Indeed it is not. But it’s still sometimes surprising to me where it comes up, especially in a Christological context as here with Cyril.

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    • Fr Aidan Kimel says:

      May I respectfully suggest that regarding Paul’s epistles as anti-Semitic is anachronistic. His conversion to Christ did not result in him becoming a Jew-hater. But it did result in a radical paradigm shift in his understanding of God’s covenant with his people.

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      • Jonathan says:

        I don’t think he was anti-Semitic. I believe the correct term is the one I’ve used: anti-Judaizing. The development of anti-Judaizing strands into the racial hatred of anti-Semitism is, as I’ve been made to understand it, a much later phenomenon.

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      • Michael Robbins says:

        I didn’t say they were anti-Semitic, I said it was not particularly controversial to regard them thus. Nor is it, regardless of the semantic question of whether to call it that or anti-Judaic. I understand the arguments against regarding, say, 1 Thessalonians 2:14-16 or the Epistle to the Hebrews (I’m speaking of the Pauline epistles in general, not only those considered authentically Paul’s) as anti-Judaic. I’m not taking a stand on the question here. But we all know that it is hardly news.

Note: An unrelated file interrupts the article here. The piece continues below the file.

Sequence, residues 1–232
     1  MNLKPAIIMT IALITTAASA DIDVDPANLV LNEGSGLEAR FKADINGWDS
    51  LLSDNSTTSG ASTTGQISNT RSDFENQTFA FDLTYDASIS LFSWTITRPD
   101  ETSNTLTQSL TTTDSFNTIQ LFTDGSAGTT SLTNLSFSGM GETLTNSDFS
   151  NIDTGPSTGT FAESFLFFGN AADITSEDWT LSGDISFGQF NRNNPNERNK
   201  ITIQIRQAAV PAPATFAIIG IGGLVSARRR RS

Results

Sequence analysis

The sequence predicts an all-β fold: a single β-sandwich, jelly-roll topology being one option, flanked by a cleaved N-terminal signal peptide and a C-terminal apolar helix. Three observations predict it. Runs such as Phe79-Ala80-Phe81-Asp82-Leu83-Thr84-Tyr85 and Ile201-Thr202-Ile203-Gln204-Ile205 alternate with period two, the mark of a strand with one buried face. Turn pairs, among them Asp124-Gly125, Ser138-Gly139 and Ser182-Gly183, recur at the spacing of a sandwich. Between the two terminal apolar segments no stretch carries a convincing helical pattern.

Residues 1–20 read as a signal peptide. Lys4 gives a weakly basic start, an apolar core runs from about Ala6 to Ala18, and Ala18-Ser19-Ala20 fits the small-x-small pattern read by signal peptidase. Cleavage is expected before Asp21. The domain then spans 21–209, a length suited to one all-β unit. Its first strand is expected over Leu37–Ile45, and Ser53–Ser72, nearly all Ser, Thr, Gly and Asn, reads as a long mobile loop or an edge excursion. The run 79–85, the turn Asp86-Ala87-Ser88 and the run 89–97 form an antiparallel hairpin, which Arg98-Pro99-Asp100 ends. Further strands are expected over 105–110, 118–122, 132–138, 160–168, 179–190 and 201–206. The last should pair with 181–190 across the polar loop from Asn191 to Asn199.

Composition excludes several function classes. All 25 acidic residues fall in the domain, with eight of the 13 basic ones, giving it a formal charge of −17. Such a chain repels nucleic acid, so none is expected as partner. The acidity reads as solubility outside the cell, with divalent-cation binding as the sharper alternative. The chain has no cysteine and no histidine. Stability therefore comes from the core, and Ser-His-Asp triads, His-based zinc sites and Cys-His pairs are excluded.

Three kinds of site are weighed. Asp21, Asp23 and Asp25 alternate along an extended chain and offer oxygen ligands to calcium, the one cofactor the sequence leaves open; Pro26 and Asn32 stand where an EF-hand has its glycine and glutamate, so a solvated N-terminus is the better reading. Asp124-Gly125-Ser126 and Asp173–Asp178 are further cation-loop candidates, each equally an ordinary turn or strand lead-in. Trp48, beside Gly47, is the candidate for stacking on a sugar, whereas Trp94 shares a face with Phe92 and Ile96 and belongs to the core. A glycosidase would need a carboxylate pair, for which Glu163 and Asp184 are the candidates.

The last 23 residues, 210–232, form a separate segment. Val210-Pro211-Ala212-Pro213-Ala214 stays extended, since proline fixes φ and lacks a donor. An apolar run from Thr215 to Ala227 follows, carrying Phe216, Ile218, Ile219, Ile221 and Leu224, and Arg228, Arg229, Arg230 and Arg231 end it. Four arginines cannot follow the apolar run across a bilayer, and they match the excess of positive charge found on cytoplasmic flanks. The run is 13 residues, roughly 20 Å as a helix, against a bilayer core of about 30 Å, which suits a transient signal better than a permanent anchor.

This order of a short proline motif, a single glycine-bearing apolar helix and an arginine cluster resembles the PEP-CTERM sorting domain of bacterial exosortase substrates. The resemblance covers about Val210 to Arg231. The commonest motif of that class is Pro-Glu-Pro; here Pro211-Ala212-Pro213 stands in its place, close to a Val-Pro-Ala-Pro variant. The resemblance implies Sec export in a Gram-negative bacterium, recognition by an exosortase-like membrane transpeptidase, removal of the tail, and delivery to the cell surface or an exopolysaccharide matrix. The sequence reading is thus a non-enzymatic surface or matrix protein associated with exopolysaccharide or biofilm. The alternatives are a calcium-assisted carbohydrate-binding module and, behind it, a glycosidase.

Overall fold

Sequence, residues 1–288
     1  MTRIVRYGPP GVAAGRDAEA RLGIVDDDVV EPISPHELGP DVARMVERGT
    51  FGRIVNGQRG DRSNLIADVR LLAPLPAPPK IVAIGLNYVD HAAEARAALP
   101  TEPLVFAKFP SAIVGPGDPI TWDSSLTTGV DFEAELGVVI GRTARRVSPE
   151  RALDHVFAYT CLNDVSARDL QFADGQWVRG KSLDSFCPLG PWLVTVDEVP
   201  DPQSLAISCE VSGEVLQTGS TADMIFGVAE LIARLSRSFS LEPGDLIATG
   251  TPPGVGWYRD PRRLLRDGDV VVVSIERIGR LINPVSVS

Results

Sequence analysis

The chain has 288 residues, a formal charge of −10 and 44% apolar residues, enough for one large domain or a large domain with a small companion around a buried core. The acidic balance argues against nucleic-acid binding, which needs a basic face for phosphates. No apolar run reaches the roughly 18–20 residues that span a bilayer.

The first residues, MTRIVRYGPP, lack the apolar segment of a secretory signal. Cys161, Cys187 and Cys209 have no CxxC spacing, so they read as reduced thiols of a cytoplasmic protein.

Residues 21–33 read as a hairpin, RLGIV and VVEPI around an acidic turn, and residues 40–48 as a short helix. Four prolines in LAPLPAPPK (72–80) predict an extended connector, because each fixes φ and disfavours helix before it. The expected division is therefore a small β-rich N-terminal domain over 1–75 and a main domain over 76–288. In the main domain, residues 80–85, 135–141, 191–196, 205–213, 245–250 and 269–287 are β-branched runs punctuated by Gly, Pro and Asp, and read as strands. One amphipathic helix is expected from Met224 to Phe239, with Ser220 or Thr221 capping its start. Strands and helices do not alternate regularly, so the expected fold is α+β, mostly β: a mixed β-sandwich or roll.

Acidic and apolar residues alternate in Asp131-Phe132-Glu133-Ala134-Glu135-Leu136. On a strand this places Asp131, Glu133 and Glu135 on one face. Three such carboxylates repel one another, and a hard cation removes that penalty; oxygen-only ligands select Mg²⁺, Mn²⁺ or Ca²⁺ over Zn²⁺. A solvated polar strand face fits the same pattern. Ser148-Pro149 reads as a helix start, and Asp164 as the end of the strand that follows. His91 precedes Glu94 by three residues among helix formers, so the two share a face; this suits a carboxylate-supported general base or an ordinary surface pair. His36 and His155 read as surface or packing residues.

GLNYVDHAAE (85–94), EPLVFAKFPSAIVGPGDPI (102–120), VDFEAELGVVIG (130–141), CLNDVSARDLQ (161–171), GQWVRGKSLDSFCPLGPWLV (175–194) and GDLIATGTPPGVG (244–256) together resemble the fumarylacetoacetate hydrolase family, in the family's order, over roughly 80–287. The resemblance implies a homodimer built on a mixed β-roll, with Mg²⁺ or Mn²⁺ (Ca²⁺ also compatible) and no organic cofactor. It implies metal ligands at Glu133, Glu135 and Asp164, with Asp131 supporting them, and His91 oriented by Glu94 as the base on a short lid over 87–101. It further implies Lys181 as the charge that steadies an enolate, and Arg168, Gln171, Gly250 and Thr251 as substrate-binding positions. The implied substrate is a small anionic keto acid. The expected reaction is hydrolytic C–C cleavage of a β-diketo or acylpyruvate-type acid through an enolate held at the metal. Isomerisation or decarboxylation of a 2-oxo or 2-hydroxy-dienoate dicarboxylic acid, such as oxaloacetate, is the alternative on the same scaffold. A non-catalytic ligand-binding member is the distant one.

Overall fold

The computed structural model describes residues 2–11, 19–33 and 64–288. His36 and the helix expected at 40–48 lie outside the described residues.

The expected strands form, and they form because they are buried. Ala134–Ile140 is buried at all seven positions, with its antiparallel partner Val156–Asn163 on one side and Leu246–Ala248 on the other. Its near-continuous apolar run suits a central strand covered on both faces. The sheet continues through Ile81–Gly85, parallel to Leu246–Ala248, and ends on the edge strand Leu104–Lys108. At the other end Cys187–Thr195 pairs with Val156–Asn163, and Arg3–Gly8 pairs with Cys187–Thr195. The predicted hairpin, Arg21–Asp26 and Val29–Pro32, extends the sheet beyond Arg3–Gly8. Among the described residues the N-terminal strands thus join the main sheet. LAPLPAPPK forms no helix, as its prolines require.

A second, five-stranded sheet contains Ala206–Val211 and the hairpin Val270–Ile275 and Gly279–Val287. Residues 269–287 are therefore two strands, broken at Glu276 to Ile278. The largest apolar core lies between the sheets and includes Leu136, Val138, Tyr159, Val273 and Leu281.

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        • Jonathan says:

          The two terms mean something different. I didn’t feel like arguing with you pointlessly earlier so I let it pass unremarked. But I’d prefer Fr Aidan not be under the impression I think of Paul as anti-Semitic.

          I’m not really sure what your point is, other than something about my not being controversial, which I never claimed I was trying to be. I have picked out a passage that caught my attention and was trying to get at what might be interesting for some people about it. If you’re not one of those people, fine.

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          • Michael Robbins says: